The Historical, biographical, literary, and scientific magazine, conducted by R. Bisset with the assistance of other literary gentlemen, Band 1

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Robert Bisset
 

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Seite 467 - ... flow from such a belief ; that the secret mover of this scheme, whoever he may be, intended to take advantage of the passions, while they were warmed by the recollection of past distresses, without giving time for cool...
Seite 475 - And let us with caution indulge the supposition that morality can be maintained without religion. Whatever may be conceded to the influence of refined education on minds of peculiar structure, reason and experience both forbid us to expect that national morality can prevail in exclusion of religious principle.
Seite 139 - If plagues or earthquakes break not Heaven's design, Why then a Borgia, or a Catiline? Who knows but He, whose hand the lightning forms, Who heaves old Ocean, and who wings the storms; Pours fierce ambition in a Caesar's mind, Or turns young Ammon loose to scourge mankind?
Seite 274 - The loud wind roar'd, the rain fell fast; The White Man yielded to the blast: He sat him down, beneath our tree; For weary, sad, and faint was he; And ah, no wife, or mother's care, For him, the milk or corn prepare.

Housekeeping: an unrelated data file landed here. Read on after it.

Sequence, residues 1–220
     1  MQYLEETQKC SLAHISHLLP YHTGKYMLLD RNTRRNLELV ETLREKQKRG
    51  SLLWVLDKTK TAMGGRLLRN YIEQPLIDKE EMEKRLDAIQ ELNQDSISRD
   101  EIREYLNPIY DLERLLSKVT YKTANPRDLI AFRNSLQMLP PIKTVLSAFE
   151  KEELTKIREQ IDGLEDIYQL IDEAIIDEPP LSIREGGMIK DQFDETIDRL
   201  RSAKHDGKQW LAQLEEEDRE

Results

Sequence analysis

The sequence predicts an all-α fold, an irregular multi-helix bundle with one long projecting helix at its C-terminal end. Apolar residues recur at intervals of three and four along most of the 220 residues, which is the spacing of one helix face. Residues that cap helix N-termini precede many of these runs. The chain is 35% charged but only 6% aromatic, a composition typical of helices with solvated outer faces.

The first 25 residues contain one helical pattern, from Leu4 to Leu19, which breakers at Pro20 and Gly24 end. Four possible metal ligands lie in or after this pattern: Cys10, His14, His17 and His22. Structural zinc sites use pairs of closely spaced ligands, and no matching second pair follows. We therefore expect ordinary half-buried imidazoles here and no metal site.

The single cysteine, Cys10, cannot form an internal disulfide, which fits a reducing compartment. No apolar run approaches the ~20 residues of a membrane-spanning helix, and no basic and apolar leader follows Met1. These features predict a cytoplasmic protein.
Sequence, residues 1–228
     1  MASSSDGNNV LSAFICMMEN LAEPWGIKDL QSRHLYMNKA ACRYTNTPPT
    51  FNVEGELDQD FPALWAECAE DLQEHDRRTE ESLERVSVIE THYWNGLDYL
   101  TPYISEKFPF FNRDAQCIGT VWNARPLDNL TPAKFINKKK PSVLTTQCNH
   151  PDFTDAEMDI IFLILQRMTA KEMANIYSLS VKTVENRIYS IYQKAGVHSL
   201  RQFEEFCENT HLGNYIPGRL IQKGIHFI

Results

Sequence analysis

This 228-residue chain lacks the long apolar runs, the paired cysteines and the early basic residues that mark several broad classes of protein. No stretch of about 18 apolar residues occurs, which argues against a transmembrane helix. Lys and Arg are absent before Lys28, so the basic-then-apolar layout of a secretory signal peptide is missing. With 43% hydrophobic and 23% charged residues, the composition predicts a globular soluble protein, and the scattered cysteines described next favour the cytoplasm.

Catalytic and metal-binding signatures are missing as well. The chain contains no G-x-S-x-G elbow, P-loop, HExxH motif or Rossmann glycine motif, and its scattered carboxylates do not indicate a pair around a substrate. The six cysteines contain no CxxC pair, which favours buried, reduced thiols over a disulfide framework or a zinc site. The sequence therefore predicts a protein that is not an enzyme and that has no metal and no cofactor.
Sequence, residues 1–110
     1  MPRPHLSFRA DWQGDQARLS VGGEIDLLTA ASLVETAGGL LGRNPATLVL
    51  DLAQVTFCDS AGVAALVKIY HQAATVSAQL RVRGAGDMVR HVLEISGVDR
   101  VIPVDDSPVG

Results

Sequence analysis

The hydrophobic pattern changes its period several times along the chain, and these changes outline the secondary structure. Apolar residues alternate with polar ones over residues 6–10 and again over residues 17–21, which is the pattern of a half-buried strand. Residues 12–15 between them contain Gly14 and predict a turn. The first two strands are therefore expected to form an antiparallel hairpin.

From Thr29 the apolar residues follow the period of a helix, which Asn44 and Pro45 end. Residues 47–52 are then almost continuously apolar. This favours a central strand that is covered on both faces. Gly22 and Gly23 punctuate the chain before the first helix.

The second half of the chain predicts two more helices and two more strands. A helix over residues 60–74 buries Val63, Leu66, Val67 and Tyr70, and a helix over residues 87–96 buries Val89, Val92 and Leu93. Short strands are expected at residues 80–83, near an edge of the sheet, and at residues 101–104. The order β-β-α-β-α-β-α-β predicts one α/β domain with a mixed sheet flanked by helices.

Seite 58 - But all this evil arises from this one corruption of mind, that makes men resent offences against their virtue, less than those against their understanding. An author shall write as if he thought there was not one man of honour or woman of chastity in the house, and come off with applause : for an insult upon all the ten commandments with the little critics is not so bad as the breach of an unity of time and place.
Seite 467 - I was among the first who embarked in the cause of our common country; as I have never left your side one moment, but when called from you on public duty; as I have been the constant companion and witness of your distresses, and not among the last to feel and acknowledge your merits; as I have ever considered my own military reputation as inseparably connected with that of the army; as my heart has ever expanded with joy when I have heard its praises, and my indignation has arisen when the mouth...
Seite 90 - I was desirous of trying what superfluity could produce, as I had formerly made an experiment of a competency. But, in 1767, I received from Mr. Conway an invitation to be Undersecretary; and this invitation, both the character of the person, and my connections with Lord Hertford, prevented me from declining.
Seite 467 - If my conduct heretofore has not evinced to you that I have been a faithful friend to the army, my declaration of it at this time would be equally unavailing and improper. But, as I was among the first who embarked in the cause of our common country ; as I have never left your side one moment, but when called from you on public duty , as I have been the constant companion and witness of your distresses, and not among the last to feel and acknowledge your...
Seite 465 - Is this the case ? Or is it rather a country, that tramples upon your rights, disdains your cries, and insults your distresses...
Seite 488 - That a committee, in conjunction with one from the Senate, be appointed to consider on the most suitable manner of paying honor to the memory of the man, first in war, first in peace, and first in the hearts of his fellow-citizens.

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